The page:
Patrick Patterson: Finding Cricket’s Lost Legend

Back in 2016, Lords hosted a ‘Legendary Wicket-Keepers Dinner’ which was graced by few of the finest keepers from the 1980s and prior to that. As part of a QnA session, when someone asked Jeffery Dujon as who was the fastest bowler he kept wickets to, he immediately answered, “Patrick Patterson“. He went on to say:

Patrick Patterson was the quickest of the lot. He made a very marked impression on me on a couple of occasions where I just said, I have never kept to anything this quick.

Embed from Getty Images

For those who don’t know, Dujon was a legendary West Indian keeper who has kept when the likes of Ambrose, Walsh, Holding and Roberts were bowling. And none of these was courteous to the batsmen with their pace. And after keeping to all of them, whom does Dujon choose as the fastest? Patrick Patterson.

Patterson was an express quick bowler, who bowled in the 155 – 160 kmph range on a normal day. So quick was his bowling that many batsmen haven’t minded edging his deliveries while keeping their bodies as far from them as possible. Even the legendary batsman Graham Gooch once said,

The only time I had the mortal fear and concern for my physical well-being was while facing Patterson at Sabina Park.

Embed from Getty Images

Patterson’s Test bowling strike-rate of 51.9 is still considered legendary. Although he had a knack of picking wickets, he went for runs too owing to his express pace.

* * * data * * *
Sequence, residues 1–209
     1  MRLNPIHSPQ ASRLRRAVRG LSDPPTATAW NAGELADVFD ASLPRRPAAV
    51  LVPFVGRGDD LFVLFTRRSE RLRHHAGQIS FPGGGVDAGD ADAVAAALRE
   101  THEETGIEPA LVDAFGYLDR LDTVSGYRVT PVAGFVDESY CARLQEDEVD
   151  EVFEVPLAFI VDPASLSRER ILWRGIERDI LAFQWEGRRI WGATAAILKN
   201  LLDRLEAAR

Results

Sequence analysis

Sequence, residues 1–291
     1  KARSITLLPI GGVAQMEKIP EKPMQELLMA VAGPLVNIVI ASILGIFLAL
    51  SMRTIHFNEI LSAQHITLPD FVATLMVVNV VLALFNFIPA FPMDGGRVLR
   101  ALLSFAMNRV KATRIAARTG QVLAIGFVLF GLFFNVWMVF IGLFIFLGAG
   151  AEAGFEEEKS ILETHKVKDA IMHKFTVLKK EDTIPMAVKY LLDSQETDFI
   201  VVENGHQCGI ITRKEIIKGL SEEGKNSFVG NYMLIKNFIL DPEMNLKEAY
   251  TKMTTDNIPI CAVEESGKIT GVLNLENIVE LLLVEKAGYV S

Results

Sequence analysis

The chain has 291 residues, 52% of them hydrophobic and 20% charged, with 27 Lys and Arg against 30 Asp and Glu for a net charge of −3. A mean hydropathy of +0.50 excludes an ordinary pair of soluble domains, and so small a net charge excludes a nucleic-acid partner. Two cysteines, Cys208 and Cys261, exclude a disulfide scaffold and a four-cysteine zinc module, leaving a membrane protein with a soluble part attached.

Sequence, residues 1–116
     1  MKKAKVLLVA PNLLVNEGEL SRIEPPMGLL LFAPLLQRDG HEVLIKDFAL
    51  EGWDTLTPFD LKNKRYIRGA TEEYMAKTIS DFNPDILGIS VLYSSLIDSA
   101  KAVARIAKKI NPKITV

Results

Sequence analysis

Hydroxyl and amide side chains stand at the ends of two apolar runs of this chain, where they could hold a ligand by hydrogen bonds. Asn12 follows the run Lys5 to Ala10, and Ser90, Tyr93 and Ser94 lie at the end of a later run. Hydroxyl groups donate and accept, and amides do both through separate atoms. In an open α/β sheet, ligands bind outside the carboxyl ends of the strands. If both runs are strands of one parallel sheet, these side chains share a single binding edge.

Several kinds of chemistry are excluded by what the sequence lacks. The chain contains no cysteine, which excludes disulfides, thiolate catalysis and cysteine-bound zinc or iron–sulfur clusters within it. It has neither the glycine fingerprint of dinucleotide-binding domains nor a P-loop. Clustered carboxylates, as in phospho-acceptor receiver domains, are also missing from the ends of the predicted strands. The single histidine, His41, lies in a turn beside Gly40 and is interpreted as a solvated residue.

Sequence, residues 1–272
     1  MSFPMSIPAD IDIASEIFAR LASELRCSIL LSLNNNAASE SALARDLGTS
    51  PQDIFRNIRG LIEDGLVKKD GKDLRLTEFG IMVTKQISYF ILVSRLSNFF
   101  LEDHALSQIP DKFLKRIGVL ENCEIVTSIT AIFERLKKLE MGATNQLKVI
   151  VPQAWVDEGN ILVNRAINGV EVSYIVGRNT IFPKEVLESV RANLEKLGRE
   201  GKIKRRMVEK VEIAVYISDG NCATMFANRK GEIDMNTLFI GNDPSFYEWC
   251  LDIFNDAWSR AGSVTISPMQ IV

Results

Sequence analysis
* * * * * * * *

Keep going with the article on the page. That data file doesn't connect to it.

Giving away too many runs never affected his career much, as he was picking wickets. Patterson played until the early 1990s for the West Indies, until he disappeared one fine day.

His wife and kids had no track of him, his parents too didn’t have an idea of where their son was and so did his friends. The West Indies board didn’t bother searching much about him. Some independent fans did try to search for him, but a few futile attempts made them lose hope. Few considered him dead too.

Patterson was a ‘lost legend’ now. He was slowly fading away from people’s memories until the advent of YouTube when a user uploaded a video of his bowling from the 1980s which went viral. Many cricket journalists restarted their search for him.

One of such enthusiastic journalists was Bharat Sundaresan, who was popular for his book, The Dhoni Touch, on MS Dhoni. Bharat was very curious to know what was one of his childhood heroes up to. Bharat spent over six years and made three trips to the Caribbean enquiring about Patterson. He spoke to Patterson’s parents and cousins and also Patterson’s friend, Courtney Walsh. But all this was futile as no one had an idea of what Patterson was up to.


Bharat Sundaresan with Dhoni (Image Source: Bharat Sundaresan | Twitter)

He almost gave up hope of finding Patterson during one of his trips to the Caribbean when he went to cover India’s Test match against West Indies. This is when the owner of the place Bharat was living while covering the match in Jamaica heard about Bharat’s attempts to track Patterson. The owner himself volunteered to track down Patterson, and by the next evening, he managed to get Patterson’s phone number and the address.